State Organisation: State organization involves being able to transition in and out of different stages of sleep smoothly and into alertness (but not crying, which is the highest behaviour state). Premature infants have a very difficult time transitioning from one stage of sleep to another and do not spend enough time in quiet sleep stages. Quiet sleep helps to protect the infants from environmental stimuli and fosters motor organization (Ludington-Hoe & Swinth 1996). Quiet sleep is also characterized by regular breathing patterns, so it leads to a decrease in apnea (Messemer et al. 1997). Crying is very bad for infants because it decreases lung capacity, increases intracranial pressure, re-establishes some fetal circulatory patterns and starts stress reactions within the body (Anderson, 1999). Kangaroo care prevents crying, or at least severely limits crying in infants (Anderson 1999). In addition, it reduces active sleep and significantly increases quiet sleep these findings are presented in tables 1 and 2.
Table 1 effects of KC on quiet sleep, awake time and active sleep (Adapted from Messemer et al. 1997)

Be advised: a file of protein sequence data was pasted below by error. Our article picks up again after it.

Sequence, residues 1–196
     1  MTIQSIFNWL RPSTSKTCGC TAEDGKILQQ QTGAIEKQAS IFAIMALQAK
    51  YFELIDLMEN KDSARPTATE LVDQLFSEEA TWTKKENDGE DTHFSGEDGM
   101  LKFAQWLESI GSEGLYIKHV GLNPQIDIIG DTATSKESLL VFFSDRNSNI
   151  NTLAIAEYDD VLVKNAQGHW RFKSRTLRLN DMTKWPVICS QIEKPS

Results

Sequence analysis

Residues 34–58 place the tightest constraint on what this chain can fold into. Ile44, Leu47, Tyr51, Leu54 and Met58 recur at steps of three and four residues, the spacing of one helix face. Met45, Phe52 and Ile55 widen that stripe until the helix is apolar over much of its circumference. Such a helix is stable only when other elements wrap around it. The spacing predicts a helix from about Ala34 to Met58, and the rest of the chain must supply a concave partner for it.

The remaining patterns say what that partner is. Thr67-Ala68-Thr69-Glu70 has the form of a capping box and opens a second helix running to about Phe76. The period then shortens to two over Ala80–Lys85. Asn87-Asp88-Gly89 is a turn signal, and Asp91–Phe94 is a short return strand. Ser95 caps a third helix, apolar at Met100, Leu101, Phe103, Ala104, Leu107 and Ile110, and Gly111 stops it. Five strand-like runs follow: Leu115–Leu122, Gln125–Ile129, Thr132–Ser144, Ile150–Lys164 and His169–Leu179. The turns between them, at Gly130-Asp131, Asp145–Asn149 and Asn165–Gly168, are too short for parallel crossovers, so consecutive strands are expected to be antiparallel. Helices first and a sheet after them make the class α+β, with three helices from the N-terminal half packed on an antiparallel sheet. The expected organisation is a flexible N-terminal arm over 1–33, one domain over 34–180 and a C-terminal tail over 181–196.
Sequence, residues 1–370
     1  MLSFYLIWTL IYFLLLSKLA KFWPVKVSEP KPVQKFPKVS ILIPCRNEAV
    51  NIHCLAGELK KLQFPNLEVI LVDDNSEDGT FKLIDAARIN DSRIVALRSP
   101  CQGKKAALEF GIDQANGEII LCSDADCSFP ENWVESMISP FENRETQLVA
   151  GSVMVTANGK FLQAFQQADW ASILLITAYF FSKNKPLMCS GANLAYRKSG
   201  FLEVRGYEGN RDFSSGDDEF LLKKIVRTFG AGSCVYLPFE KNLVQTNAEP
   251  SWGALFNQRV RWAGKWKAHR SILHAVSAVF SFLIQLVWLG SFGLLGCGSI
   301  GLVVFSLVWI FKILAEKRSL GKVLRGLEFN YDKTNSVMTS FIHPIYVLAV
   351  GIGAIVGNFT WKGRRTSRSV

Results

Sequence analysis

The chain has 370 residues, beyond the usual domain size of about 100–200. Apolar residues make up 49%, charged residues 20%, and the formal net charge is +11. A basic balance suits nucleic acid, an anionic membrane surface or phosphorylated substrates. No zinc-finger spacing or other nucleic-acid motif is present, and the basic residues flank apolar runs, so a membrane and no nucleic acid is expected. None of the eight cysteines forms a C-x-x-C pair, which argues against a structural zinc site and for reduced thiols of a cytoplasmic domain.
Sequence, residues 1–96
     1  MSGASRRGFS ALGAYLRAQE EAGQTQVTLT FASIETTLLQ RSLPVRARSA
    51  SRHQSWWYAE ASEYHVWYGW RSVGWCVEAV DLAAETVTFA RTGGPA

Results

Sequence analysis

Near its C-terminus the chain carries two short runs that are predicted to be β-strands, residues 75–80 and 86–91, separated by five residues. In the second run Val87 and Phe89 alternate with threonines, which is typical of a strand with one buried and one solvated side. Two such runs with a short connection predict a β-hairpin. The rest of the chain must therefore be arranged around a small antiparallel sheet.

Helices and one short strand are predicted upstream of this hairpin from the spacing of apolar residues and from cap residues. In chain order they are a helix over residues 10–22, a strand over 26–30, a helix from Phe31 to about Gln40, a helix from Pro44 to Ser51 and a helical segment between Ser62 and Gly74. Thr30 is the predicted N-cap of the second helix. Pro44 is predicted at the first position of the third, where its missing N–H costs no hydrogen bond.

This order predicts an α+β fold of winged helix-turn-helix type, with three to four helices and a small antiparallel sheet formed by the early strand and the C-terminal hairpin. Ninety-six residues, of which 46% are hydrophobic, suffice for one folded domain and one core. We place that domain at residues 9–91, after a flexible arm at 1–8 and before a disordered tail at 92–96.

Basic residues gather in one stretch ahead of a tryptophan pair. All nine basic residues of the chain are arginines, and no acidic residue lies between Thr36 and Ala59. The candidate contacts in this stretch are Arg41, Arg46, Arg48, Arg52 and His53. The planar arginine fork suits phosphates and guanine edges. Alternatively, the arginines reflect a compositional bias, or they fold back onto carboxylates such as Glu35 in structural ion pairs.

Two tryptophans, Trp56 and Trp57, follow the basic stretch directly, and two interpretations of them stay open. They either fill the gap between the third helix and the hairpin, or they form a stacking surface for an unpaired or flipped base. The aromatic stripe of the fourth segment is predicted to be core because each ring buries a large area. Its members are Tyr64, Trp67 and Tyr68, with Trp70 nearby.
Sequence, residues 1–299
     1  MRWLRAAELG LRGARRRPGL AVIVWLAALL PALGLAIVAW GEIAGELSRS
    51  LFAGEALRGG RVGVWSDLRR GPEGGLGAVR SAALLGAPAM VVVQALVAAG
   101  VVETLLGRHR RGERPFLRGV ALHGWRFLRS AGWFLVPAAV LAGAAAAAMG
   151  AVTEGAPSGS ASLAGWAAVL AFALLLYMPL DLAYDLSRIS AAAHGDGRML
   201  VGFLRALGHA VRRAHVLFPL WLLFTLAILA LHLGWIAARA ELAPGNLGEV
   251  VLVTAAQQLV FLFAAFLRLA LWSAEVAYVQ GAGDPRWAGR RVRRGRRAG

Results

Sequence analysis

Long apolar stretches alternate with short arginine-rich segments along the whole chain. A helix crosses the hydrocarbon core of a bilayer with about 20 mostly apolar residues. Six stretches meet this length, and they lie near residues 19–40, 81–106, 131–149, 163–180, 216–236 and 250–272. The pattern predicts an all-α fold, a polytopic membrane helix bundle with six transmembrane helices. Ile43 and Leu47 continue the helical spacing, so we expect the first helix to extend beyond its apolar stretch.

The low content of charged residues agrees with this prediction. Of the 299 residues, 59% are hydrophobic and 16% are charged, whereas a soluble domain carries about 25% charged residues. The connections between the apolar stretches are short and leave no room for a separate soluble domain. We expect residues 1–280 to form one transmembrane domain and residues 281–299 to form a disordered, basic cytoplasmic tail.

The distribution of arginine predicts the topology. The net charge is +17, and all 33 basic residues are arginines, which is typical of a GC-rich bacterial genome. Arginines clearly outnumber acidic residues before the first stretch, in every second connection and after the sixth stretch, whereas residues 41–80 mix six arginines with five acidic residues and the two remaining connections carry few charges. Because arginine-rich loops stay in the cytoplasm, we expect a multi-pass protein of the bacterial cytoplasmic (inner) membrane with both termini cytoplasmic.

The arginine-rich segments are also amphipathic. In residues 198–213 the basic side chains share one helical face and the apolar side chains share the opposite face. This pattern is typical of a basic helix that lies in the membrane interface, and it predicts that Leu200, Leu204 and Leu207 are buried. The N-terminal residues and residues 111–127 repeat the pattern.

Table 2 summary of studies on the effects of KC on sleep and crying (Adapted from Ludington-Hoe & Swinth 1996).
Organisation of Attention: Attention/interaction organisation is demonstrated by the ability to process input from the environment. Even though infants younger than 40 weeks postconceptional age rarely exhibit attentive behaviours, Gale et. al (1993 cited in Ludington-Hoe and Swinth 1996) showed that some infants older than 30 weeks gestational age have been observed gazing at their parent and trying to move their head to look at their parent after 10-15 minutes of Kangaroo Care.